I'd like to thank all who've helped me out so far. An almost-due-grant
is keeping me from trying them out as they come in, but I hope to get
to them tomorrow.
As to XSLT 1.0/2.0: I have no preference. I'll probably be using php for
processing them so it depends on whether 2.0 is supported easily for
now. I'll look.
On Fri, 2007-28-09 at 15:00 -0400, Wendell Piez wrote:
> You are restricted to using XSLT 1.0?
> If using XSLT 2.0, you should use the
> xsl:for-each-group construct, as Torsten has suggested.
> If restricted to XSLT 1.0, this is still doable.
> Jeni's documentation of common grouping idioms is
> useful, but you'll probably have to adapt the
> code there, which of course means disentangling exactly what it does.
> And of course, you don't exactly need grouping.
> What you need is closely related to it, since
> grouping also involves de-duplication (and frequently also sorting).
> To pull a single de-duplicated list, the common
> way to do it is with a key. (It can be done
> without the key, but performance degrades
> quadratically without it, for reasons I hope
> you'll see. Incidentally, improving performance
> by means of a key was what Steve Muench figured
> out, earning him semi-immortality with the label "Muenchian grouping".)
> Let's say you have a pile of <foreign lang="en">
> elements scattered throughout your document, and
> you want just a de-duplicated subset of them. You
> are de-duplicating them based on their values.
> (This is important. If you have some other
> criterion, all the following would be adapted
> thereto. For example, a particular attribute value could be used instead.)
> <xsl:key name="en-by-value" match="foreign[@lang='en']" use="."/>
> sets up a key retrieval mechanism whereby, given
> a value, you can retrieve all foreign[@lang='en'] elements with that value.
> So key('en-by-value','Boo') will retrieve all
> foreign elements with @lang='en' and the value
> 'Boo': <foreign lang="en">Boo</foreign>
> Thus, given any particular foreign[@lang='en']
> element, you can retrieve all of its occurrences using "key('en-by-value',.)".
> And given any of these sets, you can grab just
> one -- let's say the first, since it's always
> there -- as "key('en-by-value',.)".
> The next bit is a bit tricky, due to the fact
> that in XPath 1.0 there is no obvious way to see
> if two given nodes are the same. There are a
> couple of non-obvious ways. The easiest for our
> purposes here is, if we have a node $a and a node
> $b, generate-id($a)=generate-id($b) is true only
> if they are the same node. (In XPath 2.0 you
> would test this with "$a is $b", which is much nicer.)
> This is useful since it enables us to write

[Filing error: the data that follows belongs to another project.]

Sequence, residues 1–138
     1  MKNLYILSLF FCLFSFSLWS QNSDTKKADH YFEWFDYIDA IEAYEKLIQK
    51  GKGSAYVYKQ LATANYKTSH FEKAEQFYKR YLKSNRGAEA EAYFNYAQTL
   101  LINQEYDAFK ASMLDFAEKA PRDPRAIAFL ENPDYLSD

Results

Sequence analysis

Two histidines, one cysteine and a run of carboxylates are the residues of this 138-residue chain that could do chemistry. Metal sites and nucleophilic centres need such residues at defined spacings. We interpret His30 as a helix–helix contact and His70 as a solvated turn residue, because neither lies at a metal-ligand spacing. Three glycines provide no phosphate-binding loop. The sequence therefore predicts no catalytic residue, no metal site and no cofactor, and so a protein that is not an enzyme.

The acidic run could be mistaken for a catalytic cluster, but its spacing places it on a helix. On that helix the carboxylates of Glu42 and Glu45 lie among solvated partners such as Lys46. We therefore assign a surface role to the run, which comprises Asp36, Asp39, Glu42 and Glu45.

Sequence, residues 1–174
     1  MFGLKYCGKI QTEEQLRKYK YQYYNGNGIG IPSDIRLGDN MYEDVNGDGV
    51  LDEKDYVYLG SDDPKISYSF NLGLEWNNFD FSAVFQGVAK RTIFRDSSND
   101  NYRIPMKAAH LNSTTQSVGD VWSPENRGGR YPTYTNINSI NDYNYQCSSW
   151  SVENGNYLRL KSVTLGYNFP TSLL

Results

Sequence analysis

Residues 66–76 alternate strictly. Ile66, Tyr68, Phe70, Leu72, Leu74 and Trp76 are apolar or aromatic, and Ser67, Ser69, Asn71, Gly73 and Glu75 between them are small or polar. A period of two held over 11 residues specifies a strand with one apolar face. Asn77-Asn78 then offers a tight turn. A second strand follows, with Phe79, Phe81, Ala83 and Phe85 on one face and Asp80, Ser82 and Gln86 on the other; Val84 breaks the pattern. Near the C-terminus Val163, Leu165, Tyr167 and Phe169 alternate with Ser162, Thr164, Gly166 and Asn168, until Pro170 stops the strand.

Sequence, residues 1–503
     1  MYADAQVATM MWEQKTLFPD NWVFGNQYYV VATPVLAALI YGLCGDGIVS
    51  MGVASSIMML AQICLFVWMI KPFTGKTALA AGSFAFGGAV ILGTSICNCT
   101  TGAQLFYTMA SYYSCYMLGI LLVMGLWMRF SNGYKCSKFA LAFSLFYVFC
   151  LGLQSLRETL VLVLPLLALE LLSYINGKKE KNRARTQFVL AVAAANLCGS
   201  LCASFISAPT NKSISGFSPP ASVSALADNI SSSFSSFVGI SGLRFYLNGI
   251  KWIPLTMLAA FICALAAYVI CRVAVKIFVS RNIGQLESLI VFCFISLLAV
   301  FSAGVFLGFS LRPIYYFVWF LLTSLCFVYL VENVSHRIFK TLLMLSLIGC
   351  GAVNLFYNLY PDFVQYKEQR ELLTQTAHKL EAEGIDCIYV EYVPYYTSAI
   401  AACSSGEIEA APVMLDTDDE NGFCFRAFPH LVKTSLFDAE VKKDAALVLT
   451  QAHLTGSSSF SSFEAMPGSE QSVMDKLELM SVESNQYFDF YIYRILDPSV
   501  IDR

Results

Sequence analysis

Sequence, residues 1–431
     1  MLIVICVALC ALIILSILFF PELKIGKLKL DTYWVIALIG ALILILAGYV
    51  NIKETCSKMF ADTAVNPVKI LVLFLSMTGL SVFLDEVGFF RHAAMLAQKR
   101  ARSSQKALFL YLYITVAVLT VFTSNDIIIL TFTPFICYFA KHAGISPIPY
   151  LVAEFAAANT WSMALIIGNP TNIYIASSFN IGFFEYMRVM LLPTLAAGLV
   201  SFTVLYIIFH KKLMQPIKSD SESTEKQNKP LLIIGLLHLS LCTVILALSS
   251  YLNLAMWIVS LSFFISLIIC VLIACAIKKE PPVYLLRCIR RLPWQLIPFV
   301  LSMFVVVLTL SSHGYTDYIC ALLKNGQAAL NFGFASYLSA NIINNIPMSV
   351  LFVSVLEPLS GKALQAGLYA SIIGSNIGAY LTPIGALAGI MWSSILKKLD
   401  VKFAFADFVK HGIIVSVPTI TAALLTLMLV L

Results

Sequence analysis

> as a way of grabbing just single occurrences of
> foreign[@lang='en'], de-duplicated by their values.
> It translates as "Please get me all the 'foreign'
> elements whose 'lang' attribute is 'en' and whose
> unique generated ID is the same as the unique
> generated ID of the first element, in document
> order, of the set of foreign elements with
> lang='en' that have the same value as me".
> If you can grab this set, you can process it -- and sort it while doing so:
> <xsl:sort data-type="text"/>
> ... do your worst ...
> In XSLT 2.0, the same can be done with:
> <xsl:for-each-group select="//foreign[@lang='en']" group-by=".">
> <xsl:sort lang="'en'" select="current-grouping-key()"/>
> ... in here, current-grouping-key() is the value
> and "current-group()" or "." is the first node in the group ...
> which is somewhat more flexible and does not
> require expert understanding of XPath 1.0 idioms to interpret.
> I hope this helps.
> As to having code already written -- this was the
> other part of the headache in XSLT 1.0 (that is,
> once understanding it had stopped hurting), since
> the fact that the keys have to be wired up for
> particular cases (of nodes to be selected and
> their de-duplicating criteria) means that the
> code can't be easily generalized and packaged.
> This, in turn, combined with the ubiquity of the
> requirement, is what accounts for the better
> features in version 2.0 of the language.
> Defenders of XSLT 1.0 will point out that version
> 1 of the language was probably going to have a
> hole deeper than any of the others; this just happens to be it.
> At 07:48 PM 9/22/2007, you wrote:
> >Hi all,
> >A TEI related XSLT question: I'm hoping somebody has code already
> >A project I am consulting on involves a text full of Blackfoot words
> >that have been spelled phonetically using an unusual spelling system.
> >The investigator wants to give the text to an informant with an appendix
> >containing a list of all the Blackfoot words in the text, preferably
> >followed with links to the original location of the lemma. In some cases
> >the same spelling (identical or differing only in the use of case)
> >appears tens of times. The informant is going to provide normalisations
> >for the spellings in the text, which we will be adding to the encoding
> >along with the original.
> >The unusual Blackfoot spellings are currently marked up with a bare
> >tei:foreign. So what I want to do is
> >a) extract all the blackfoot words
> >b) sort them alphabetically and eliminate duplicates
> >c) place at the back of the document. If I can do this, I'd be happy.
> >Even better would be to follow the lemma with a link to the actual
> >occurrences in the text (e.g. in HTML terms <p>NA PE §§ <a
> >href="#s1.1">1.1</a>, <a href="#s1.4">1.4</a>, <a href="#s3.3">3.3</a>).
> >At this point, though, even a simple sorted list with no duplicates
> >would do.
> >I can do a) and c). I've been experimenting accomplishing b) using the
> >various ways of grouping listed at Jenni Tennison's site, but don't seem
> >to get one to work. Has anybody got some plug and play code or tips I
> >might be able to use?
> Wendell Piez mailto:[log in to unmask]
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